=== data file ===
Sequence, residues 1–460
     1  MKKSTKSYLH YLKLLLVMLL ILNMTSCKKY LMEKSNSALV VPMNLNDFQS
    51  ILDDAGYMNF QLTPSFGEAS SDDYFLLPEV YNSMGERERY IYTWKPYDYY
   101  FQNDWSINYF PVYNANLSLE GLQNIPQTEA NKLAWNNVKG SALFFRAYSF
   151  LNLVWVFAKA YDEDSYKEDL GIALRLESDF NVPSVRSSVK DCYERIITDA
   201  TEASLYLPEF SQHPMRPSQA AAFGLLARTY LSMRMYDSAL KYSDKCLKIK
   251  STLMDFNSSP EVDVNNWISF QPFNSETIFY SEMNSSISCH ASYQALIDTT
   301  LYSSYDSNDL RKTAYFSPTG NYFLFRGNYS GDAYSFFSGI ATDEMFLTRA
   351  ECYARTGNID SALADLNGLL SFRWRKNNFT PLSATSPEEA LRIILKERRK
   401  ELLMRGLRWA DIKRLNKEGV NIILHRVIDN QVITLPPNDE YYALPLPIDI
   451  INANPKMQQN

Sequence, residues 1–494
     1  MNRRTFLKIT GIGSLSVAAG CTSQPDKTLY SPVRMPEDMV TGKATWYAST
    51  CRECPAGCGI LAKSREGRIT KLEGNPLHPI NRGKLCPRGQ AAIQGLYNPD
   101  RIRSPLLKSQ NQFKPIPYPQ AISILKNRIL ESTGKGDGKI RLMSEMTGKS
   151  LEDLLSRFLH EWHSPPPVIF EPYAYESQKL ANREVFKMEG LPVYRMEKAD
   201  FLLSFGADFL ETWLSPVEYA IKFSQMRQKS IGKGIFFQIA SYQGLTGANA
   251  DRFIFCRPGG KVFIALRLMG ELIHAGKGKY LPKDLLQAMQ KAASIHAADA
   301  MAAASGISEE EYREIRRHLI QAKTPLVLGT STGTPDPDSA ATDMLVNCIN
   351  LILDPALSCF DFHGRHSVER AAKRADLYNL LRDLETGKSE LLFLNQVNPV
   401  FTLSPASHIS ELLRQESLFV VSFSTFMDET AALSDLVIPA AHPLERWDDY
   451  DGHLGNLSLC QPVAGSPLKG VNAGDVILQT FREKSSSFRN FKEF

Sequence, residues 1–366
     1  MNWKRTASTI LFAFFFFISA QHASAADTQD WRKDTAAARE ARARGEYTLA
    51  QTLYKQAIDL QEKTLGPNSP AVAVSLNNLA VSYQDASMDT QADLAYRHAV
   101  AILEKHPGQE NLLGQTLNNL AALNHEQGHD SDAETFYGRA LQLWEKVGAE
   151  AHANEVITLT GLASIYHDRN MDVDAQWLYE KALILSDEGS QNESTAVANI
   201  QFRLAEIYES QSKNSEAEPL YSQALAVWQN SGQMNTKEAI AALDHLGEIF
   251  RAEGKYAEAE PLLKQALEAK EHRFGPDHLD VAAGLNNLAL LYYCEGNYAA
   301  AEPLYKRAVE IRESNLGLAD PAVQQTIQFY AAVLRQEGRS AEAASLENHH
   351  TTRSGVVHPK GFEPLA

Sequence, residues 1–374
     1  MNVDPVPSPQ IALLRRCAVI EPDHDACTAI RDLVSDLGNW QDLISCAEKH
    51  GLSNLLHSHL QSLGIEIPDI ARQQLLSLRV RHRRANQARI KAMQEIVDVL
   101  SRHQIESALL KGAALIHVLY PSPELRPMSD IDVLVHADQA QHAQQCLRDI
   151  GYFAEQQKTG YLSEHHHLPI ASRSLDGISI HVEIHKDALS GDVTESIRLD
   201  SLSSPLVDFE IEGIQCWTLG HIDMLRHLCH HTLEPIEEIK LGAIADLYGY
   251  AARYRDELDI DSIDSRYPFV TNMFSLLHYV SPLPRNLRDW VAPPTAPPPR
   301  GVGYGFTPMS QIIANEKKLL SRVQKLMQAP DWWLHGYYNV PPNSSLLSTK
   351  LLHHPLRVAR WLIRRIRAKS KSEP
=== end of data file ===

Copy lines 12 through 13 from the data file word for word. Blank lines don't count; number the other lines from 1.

Sequence, residues 1–494
     1  MNRRTFLKIT GIGSLSVAAG CTSQPDKTLY SPVRMPEDMV TGKATWYAST